Sunday, February 16, 2020

Horse race stuff

Caucus race, by John Tenniel. No allegorical interpretations of who Alice and the Dodo respectively represent, if you don't mind. Via Wikipedia.

Molly Jong-Fast at Washington Post has what looks initially like a hot take on the miseries of the current Democratic presidential nomination contest: that it's all Biden's fault for screwing up his assigned role.
After a fourth-place finish in Iowa and a fifth-place finish in New Hampshire, it’s time to take a good, hard look at former vice president Joe Biden, the once-dominant, now-floundering Democratic “front-runner.” Not to get too technical about it, but I would like to postulate that the Democratic front-runner should be, you know, in front....
With all respect—she's a very sharp writer—I think she's misplacing the blame, if blame is due, in not asking who appointed Joe; who failed to give him that good hard look ten months or so ago, when he obtained that front-runner label though he'd been running unsuccessfully for president for OVER THIRTY YEARS and had a history of alienating the very voters he was going to have to depend on the most, from backing agitators against school busing to patronizing Barack Obama as "the first mainstream African-American who is articulate and bright and clean and a nice-looking guy" (although this seemed to have greatly improved starting in late 2008).

Because I think after all it was you and me, brothers and sisters (I mean not me personally, I was trying to vet Biden as early as last May), dicking around with the Overton Window the way we did with some success in 2015-16, thinking about the platform instead of the actual presidential campaign; trying to pull all the candidates to the "left", starting with the rush to make them sign on to Medicare For All in March 2019, in the understanding that if we took it too far the party would always have Joe Biden to fall back on, and he was sure to win.

I say "some success" last time around because while we did make Hillary Clinton into a very progressive candidate by any standard that existed at the time, we couldn't convince the Yutes of America that it had actually happened and as a result she wasn't exactly sure to win, and in fact lost, with an asterisk (more accurate to say she didn't win enough, along with the whole party, which should have gained more than six seats in the House and two in the Senate, including the great Russ Feingold, who was defeated for the second time by one of the stupidest men ever to hold a Senate seat, and you can't complain that he forgot to campaign in Wisconsin).

And Biden was far from sure to win the nomination, as he has been proving for 30 years, though he had just as good a chance as any of them to win the general election. He was in fact going to be almost as hard to nominate as Bernard Sanders (who I remain convinced can't do it before the convention, because there's a ceiling on his support at around 30%; unlike Trump in 2016, who was able to win massive numbers of delegates with weak pluralities in the GOP's winner-take-all primaries, Sanders has to share).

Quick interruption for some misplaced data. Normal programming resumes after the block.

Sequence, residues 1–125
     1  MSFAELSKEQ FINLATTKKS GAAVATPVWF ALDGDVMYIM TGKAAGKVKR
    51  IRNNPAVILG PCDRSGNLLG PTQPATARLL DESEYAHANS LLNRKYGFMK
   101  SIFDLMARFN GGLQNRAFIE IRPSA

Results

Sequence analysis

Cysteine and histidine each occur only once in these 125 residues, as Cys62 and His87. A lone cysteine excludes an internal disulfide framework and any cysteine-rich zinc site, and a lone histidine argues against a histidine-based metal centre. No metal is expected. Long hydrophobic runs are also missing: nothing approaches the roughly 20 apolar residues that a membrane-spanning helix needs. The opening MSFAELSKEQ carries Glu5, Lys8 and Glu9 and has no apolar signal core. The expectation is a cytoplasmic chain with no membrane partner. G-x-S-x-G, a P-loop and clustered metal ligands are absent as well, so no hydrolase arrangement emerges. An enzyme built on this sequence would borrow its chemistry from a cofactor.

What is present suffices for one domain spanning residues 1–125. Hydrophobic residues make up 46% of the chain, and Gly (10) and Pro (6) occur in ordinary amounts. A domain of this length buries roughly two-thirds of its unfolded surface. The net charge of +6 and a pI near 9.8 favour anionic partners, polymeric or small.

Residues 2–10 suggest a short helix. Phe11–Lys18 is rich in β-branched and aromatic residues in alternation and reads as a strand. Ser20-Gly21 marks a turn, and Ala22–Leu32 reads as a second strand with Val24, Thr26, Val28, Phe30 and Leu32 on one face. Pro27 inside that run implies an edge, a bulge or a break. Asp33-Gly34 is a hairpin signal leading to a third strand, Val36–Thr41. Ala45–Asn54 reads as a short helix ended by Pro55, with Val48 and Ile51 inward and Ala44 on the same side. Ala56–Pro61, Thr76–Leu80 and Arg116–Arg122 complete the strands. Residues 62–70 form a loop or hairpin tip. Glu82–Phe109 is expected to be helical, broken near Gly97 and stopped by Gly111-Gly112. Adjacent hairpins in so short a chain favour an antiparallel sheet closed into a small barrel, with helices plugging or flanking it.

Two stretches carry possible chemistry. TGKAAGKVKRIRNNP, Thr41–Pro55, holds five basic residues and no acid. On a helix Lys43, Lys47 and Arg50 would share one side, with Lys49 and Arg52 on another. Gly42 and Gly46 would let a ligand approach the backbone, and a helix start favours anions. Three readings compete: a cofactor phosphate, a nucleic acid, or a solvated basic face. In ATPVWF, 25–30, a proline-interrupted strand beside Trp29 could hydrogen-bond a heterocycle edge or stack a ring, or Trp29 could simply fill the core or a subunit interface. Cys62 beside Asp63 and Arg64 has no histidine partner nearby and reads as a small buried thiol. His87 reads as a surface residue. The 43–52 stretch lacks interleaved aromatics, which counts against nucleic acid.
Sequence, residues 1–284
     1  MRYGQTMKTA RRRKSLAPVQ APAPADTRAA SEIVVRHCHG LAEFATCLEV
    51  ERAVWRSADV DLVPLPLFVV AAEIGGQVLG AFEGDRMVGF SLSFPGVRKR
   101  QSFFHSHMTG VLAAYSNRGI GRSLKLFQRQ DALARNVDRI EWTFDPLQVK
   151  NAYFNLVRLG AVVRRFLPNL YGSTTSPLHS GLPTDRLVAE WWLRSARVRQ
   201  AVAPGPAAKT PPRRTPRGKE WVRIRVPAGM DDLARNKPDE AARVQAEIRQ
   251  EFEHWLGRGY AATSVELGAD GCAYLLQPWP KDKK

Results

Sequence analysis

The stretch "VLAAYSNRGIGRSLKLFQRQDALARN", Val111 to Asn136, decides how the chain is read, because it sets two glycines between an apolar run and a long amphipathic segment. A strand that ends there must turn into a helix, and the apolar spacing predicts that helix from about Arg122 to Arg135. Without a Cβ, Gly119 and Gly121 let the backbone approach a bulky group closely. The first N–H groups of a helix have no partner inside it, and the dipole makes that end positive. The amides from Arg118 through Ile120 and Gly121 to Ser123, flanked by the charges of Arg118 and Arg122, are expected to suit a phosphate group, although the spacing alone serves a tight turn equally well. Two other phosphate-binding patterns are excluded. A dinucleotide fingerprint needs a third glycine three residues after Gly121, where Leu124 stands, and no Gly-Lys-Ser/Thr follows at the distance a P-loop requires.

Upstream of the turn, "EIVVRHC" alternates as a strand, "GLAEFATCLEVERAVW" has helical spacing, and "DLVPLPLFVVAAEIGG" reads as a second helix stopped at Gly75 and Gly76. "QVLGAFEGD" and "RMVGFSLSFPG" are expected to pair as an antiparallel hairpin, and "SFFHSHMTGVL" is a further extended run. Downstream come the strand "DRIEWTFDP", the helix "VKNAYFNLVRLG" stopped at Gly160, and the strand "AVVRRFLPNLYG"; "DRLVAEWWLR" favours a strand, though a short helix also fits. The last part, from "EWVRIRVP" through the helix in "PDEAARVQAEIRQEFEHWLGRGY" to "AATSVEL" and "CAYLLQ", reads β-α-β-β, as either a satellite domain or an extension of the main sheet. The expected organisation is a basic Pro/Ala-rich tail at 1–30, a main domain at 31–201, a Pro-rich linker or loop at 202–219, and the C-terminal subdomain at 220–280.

The fact that Biden dominated in the African American poll numbers was misinterpreted as love for Joe when it was actually, as people are seeing now, terror of a Trump victory pushing those voters to what seemed like the safest position (for black people and Latinos old enough to have a historical memory, this is a real and justified emotion; Trump policies threaten their lives and liberty and children in a way they just don't for white people), and as they begin to see it's not the safest position, they're beginning to move on, and Biden's frontrunner status is beginning to fade, and there is a big hole in the pattern that Michael Bloomberg is ready to move into, with hundreds of millions of dollars behind him. It's awful.

What I would have wished is, I don't know, that progressive candidates with a very broad potential appeal would have been taken more seriously between the limited poles defined by those who will never vote for Sanders and those who will never vote for Biden—especially my favorites, Warren and Castro and Harris in that order (Booker and Gillibrand have things that make them not travel well, in my view) instead of being shoehorned into somebody else's "lane" (I was complaining about that last May too). And that pundits would understand that most voters don't look at a laundry list of policy proposals ranked left to right but about the feeling they get on the candidate's intentions (do they care about my problems?), energy (will they work on it?), and heft (can they lean on the right people?)—semantic differential–type variables, as the policy proposals themselves might partly suggest, alongside the way they move, which parent they remind you of, and the like.

And for a tiny germ of optimism, I'd like it noted that the monster of a brokered convention is once again not ruled out, and might for once have some real value, fixing the nation's and the panditry's attention on the party and, if it's carried out with some decency such as I expect the Democratic Party to be capable of, and an appearance by Barack Obama, could end up with a widely supported and attractive candidate. OK that's asking a lot. 

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